The Effect of National Cultural Tendency on Management Behavior and Its Effectiveness: ComparingTaiwanese and US Managers

By Tung-Zong Chang.

Published by The Global Studies Journal

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Article: Print $US10.00
Article: Electronic $US5.00

National cultural tendency plays an important role in influencing work-related values and attitudes. The U.S. has been described as an individualist culture; whereas Taiwan has been known for its collectivist values. We review their national cultural tendencies based on four distinct patterns: Horizontal Collectivism (HC), Vertical Collectivism (VC), Horizontal Individualism (HI), and Vertical Individualism (VI). Studies showed that Taiwanese are more VC and less HI than their U.S. counterparts while they are similar in HC and VI tendency. Based on a survey on a sample of managers in Taiwan and the U.S., a cross-country comparison yields many interesting findings. The US managers employ supportive and directive management styles more than their Taiwanese counterparts; whereas the Taiwanese managers adopt a stronger participative style. In collaboration, the US managers have the benefit of a higher common-goal relationship, while the Taiwanese managers have a stronger sense of mutual dependency. Furthermore, the US sample reports a higher degree of conflict between the management and subordinates, but possesses a higher degree of market orientation than the Taiwan sample. Important implications and future research directions are provided.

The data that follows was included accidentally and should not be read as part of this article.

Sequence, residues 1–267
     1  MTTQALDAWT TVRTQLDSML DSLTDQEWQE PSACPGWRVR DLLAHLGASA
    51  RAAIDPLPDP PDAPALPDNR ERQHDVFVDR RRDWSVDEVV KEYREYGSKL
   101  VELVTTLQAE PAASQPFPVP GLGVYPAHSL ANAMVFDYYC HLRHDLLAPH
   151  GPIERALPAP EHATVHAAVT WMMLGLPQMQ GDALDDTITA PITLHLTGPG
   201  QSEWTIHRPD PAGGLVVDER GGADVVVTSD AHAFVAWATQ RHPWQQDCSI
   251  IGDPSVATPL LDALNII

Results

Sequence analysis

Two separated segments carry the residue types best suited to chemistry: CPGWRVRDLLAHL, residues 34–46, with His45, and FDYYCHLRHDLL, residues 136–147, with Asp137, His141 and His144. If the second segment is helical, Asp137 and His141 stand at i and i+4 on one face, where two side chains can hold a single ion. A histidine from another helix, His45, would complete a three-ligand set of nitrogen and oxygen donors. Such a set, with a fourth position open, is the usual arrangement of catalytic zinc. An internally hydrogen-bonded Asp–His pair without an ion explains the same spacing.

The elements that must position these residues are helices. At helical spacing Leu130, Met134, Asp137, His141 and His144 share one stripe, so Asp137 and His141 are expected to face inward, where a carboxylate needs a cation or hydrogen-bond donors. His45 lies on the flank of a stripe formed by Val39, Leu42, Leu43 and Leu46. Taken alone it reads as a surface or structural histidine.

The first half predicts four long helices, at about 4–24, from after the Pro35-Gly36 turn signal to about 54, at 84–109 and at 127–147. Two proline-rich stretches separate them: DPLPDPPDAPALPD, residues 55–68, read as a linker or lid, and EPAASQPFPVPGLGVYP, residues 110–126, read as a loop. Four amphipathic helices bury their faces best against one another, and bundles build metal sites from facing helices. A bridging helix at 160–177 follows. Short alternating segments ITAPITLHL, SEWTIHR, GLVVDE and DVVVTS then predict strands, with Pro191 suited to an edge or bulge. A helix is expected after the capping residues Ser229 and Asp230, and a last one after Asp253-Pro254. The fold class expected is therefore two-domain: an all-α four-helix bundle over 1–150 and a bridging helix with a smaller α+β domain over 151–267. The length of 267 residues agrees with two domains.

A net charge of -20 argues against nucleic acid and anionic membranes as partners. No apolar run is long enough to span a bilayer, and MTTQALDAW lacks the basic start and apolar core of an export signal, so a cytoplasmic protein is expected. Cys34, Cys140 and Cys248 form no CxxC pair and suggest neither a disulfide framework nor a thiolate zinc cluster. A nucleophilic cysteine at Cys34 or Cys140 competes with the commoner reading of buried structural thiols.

Keywords: National Cultural Tendency, Leadership, Collaboration, Market Orientation, Vertical Collectivism, Horizontal Individualism

Global Studies Journal, Volume 1, Issue 1, pp.53-60. Article: Print (Spiral Bound). Article: Electronic (PDF File; 834.191KB).

Dr. Tung-Zong Chang

Professor, School of Business, Metropolitan State College, Denver, Colorado, USA

Professor Chang has been a marketing educator since 1980s at a number of universities in the States and in his native country, Taiwan. His main teaching interests are marketing strategy, international marketing and marketing research. Dr. Chang has over 10+ journal publications in Supply Chain Management, Psychology of Marketing, Journal of Academy of Marketing Science, International Marketing Review, etc., and numerous professional presentations at national and international conferences such as AMA and AMS conferences. He is currently working on research in e-business management, leadership behavior, corporate marketing culture, and service quality management. Professor Chang received his Ph.D. in Marketing and MBA from University of Missouri-Columbia, and BBA from National Chengchi University in Taipei, Taiwan.


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